Another Mohawk community member recalled the siege: "There were rifles, machine guns, snipers, helicopters, undercover police agents sneaking around at night."

A SWAT team even detained a school bus full of Tyendinaga high school students who routinely travelled off the reservation in order to continue their studies after elementary school.

"They were pulled over by a SWAT team and searched," said Mohawk community activist Niki Storms. When a Mohawk youth at the back of the bus asked what they were looking for, a police officer responded: "Terrorists."

"All we ever wanted was a safe and healthy community to raise our babies, and clean drinking water," remarked Brant during our visit. "Sadly, we share the same issues and the same efforts to wipe us out," he told Campusano through the prison glass at the Quinte Detention Centre.

"I came from very far away," said Campusano. "My eyes have been opened here."

In South America, he said, even indigenous leaders have the idea that indigenous peoples are treated very well in Canada. One of his missions upon his return to Chile, said Campusano, would be to spread the word about Brant's case in specific and about repression against First Nations in Canada in general.

For more information, or to get involved, contact the Tyendinaga Support Committee

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You should really do more

You should really do more research on the issue before proclaiming Shawn Brant as such a saviour. Ask whether or not he is supported by his band council, or the majority of his community ... the simple, straight-forward answer is NO.
And, maybe you should look into the incident that he has been charged with, instead of simply saying it has to do with the native land issue.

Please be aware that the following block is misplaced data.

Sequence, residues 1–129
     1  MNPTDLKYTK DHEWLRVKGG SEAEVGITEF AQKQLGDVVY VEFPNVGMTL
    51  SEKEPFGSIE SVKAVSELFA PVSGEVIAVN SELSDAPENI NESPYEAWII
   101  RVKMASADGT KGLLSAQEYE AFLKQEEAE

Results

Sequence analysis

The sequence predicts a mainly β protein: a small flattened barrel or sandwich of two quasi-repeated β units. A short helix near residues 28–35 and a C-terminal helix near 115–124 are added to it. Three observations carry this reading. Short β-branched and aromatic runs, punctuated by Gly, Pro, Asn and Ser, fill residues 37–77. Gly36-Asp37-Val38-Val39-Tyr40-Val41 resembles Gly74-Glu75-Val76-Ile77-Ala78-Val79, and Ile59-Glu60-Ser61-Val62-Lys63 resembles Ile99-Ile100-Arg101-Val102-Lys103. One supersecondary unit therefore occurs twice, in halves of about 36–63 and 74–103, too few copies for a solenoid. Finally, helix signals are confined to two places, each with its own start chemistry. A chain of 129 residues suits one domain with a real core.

In fact, it doesn't.

response to anonymous criticism/suggestions

Thanks for your comments, !?Anonymous?!, but I'm not proclaiming Shawn Brant as a saviour. He is a spokesperson for many people in Tyendinaga. I do not say that he is supported by the Band Council. Through visits, interviews and workshops in Tyendinaga, Belleville, Napanee, Toronto & Montreal, it seems clear that the occupation of the gravel quarry and the Culberston Tract was originally supported by the Band Council and both Longhouses, as is stated in the article.
Re the incident: the trial began last week & continues this Thursday...

Understanding complexities

Thank you Sandra for this marvelous article. One of the most powerful ways of understanding what's going on at Tyendinaga is by understanding the links among grassroots indigenous resistance and the complex network of imposed and external structures. The internal situation in Tyendinaga is particularly complicated, but I'm glad that you're pulling the links between corporate exploitation of indigenous peoples at home and abroad. The themes are most definitely the same, even when situations are different.

Links at home & abroad

Thanks for your comments, Lia, & thanks also for all of your great blog news. 'Gravel and Gold' is actually a shortened version of a 16-page article that makes many more links. The longer version can be found at: http://thistidehasnoheartbeat.wordpress.com

Julian Fantino

I am from vancouver and i wanted to say that Julian Fantino should be condemned for what he did.Shawn Brant is taking up for the rights of the native people.He got the majority of the people on his side.The native people will have to fight for their rights.The canadian gov. will always use the police to prevent the native people from getting their land back and other rights.In the end the native people will win the struggle.

Stan Squires

Julian Fantino

If you click the link to the Tyendinaga Support Committee at the very end of the article (or copy and paste: http://www.ocap.ca/supporttmt/index.html), you'll find links to many recent news articles about Tyendinaga, Shawn Brant's case, and notorious OPP Commissioner Julian Fantino.
Shawn was released about a month ago and the publication ban was lifted on the hearings into his case, so there has been a lot of information and evidence coming out into the questionable actions of the OPP and Fantino in particular, including threats uttered over the phone. Transcripts of telephone conversations between Fantino and Brant are also available on the website, thanks to the lifting of the publication ban and to controversial wiretaps on Mohawk activists' cell phones...